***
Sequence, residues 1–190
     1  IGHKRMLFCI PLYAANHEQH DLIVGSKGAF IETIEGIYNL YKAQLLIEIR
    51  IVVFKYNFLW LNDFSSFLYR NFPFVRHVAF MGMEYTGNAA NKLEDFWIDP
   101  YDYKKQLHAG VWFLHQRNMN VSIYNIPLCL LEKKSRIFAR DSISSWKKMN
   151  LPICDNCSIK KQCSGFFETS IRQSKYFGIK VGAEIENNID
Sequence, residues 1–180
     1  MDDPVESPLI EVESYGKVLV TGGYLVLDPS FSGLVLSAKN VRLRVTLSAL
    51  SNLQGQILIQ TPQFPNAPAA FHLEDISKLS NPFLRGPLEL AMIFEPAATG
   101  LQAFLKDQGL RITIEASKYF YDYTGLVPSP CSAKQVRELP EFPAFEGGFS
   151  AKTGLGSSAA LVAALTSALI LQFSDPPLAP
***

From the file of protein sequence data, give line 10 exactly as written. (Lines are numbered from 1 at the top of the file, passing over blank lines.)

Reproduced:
   151  AKTGLGSSAA LVAALTSALI LQFSDPPLAP